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Search Result for "confidence game":
Wordnet 3.0

NOUN (1)

1. a swindle in which you cheat at gambling or persuade a person to buy worthless property;
[syn: bunco, bunco game, bunko, bunko game, con, confidence trick, confidence game, con game, gyp, hustle, sting, flimflam]


The Collaborative International Dictionary of English v.0.48:

Game \Game\, n. [OE. game, gamen, AS. gamen, gomen, play, sport; akin to OS., OHG., & Icel. gaman, Dan. gammen mirth, merriment, OSw. gamman joy. Cf. Gammon a game, Backgammon, Gamble v. i.] 1. Sport of any kind; jest, frolic. [1913 Webster] We have had pastimes here, and pleasant game. --Shak. [1913 Webster] 2. A contest, physical or mental, according to certain rules, for amusement, recreation, or for winning a stake; as, a game of chance; games of skill; field games, etc. [1913 Webster] But war's a game, which, were their subject wise, Kings would not play at. --Cowper. [1913 Webster] Note: Among the ancients, especially the Greeks and Romans, there were regularly recurring public exhibitions of strength, agility, and skill under the patronage of the government, usually accompanied with religious ceremonies. Such were the Olympic, the Pythian, the Nemean, and the Isthmian games. [1913 Webster] 3. The use or practice of such a game; a single match at play; a single contest; as, a game at cards. [1913 Webster] Talk the game o'er between the deal. --Lloyd. [1913 Webster] 4. That which is gained, as the stake in a game; also, the number of points necessary to be scored in order to win a game; as, in short whist five points are game. [1913 Webster] 5. (Card Playing) In some games, a point credited on the score to the player whose cards counts up the highest. [1913 Webster] 6. A scheme or art employed in the pursuit of an object or purpose; method of procedure; projected line of operations; plan; project. [1913 Webster] Your murderous game is nearly up. --Blackw. Mag. [1913 Webster] It was obviously Lord Macaulay's game to blacken the greatest literary champion of the cause he had set himself to attack. --Saintsbury. [1913 Webster] 7. Animals pursued and taken by sportsmen; wild meats designed for, or served at, table. [1913 Webster] Those species of animals . . . distinguished from the rest by the well-known appellation of game. --Blackstone. [1913 Webster] Confidence game. See under Confidence. To make game of, to make sport of; to mock. --Milton. [1913 Webster]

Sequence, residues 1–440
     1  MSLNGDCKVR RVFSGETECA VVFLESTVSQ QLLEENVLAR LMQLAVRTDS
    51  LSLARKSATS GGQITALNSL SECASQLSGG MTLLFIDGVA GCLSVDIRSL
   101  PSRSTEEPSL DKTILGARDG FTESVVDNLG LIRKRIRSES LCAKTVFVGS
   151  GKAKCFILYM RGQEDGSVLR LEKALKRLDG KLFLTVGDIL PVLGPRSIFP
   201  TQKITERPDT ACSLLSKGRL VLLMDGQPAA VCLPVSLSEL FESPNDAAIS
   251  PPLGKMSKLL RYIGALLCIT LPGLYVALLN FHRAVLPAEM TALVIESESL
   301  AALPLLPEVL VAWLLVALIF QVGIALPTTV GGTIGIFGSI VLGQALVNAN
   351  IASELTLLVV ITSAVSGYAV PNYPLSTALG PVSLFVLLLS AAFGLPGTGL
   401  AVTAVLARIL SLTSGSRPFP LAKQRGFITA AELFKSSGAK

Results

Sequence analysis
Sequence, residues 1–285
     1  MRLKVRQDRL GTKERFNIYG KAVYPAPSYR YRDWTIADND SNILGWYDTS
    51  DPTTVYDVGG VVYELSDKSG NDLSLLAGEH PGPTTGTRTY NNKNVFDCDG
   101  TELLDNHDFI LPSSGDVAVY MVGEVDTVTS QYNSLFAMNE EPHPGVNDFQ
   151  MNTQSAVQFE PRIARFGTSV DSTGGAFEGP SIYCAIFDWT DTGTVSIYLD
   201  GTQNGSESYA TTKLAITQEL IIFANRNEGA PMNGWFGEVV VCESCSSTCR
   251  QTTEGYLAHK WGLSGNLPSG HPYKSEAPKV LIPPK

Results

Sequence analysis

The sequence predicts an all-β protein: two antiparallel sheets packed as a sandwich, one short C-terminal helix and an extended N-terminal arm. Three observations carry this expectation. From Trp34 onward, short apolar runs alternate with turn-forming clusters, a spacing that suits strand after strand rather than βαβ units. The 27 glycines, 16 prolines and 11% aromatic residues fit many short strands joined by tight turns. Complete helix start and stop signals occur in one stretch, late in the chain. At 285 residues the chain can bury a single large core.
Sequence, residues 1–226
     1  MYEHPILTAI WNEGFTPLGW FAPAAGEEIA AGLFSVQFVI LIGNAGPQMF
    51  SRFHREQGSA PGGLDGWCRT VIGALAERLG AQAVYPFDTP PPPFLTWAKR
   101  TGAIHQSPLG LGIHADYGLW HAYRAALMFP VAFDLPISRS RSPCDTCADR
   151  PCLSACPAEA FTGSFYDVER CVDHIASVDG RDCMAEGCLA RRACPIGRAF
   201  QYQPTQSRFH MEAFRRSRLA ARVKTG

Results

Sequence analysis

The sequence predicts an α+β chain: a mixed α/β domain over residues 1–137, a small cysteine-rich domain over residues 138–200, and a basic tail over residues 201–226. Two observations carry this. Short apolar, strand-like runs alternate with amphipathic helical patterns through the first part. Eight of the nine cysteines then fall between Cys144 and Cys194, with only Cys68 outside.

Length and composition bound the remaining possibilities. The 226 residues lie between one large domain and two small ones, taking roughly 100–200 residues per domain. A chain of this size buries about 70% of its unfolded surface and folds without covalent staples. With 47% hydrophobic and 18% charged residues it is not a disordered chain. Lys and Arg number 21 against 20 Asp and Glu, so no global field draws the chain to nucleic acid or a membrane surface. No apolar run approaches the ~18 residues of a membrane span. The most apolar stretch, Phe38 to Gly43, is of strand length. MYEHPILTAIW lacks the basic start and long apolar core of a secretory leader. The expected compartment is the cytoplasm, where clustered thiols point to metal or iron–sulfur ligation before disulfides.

The Collaborative International Dictionary of English v.0.48:

Confidence \Con"fi*dence\, n. [L. confidentia firm trust in, self-confidence: cf. F. confidence.] 1. The act of confiding, trusting, or putting faith in; trust; reliance; belief; -- formerly followed by of, now commonly by in. [1913 Webster] Society is built upon trust, and trust upon confidence of one another's integrity. --South. [1913 Webster] A cheerful confidence in the mercy of God. --Macaulay. [1913 Webster] 2. That in which faith is put or reliance had. [1913 Webster] The Lord shall be thy confidence. --Prov. iii. 26. [1913 Webster] 3. The state of mind characterized by one's reliance on himself, or his circumstances; a feeling of self-sufficiency; such assurance as leads to a feeling of security; self-reliance; -- often with self prefixed. [1913 Webster] Your wisdom is consumed in confidence; Do not go forth to-day. --Shak. [1913 Webster] But confidence then bore thee on secure Either to meet no danger, or to find Matter of glorious trial. --Milton. [1913 Webster] 4. Private conversation; (pl.) secrets shared; as, there were confidences between them. [1913 Webster] Sir, I desire some confidence with you. --Shak. [1913 Webster] Confidence game, any swindling operation in which advantage is taken of the confidence reposed by the victim in the swindler; several swindlers often work together to create the illusion of truth; -- also called con game. Confidence man, a swindler. To take into one's confidence, to admit to a knowledge of one's feelings, purposes, or affairs. Syn: Trust; assurance; expectation; hope. [1913 Webster] I am confident that very much be done. --Boyle. [1913 Webster] 2. Trustful; without fear or suspicion; frank; unreserved. [1913 Webster] Be confident to speak, Northumberland; We three are but thyself. --Shak. [1913 Webster] 3. Having self-reliance; bold; undaunted. [1913 Webster] As confident as is the falcon's flight Against a bird, do I with Mowbray fight. --Shak. [1913 Webster] 4. Having an excess of assurance; bold to a fault; dogmatical; impudent; presumptuous. [1913 Webster] The fool rageth and is confident. --Prov. xiv. 16. [1913 Webster] 5. Giving occasion for confidence. [R.] [1913 Webster] The cause was more confident than the event was prosperous. --Jer. Taylor. [1913 Webster]
WordNet (r) 3.0 (2006):

confidence game n 1: a swindle in which you cheat at gambling or persuade a person to buy worthless property [syn: bunco, bunco game, bunko, bunko game, con, confidence trick, confidence game, con game, gyp, hustle, sting, flimflam]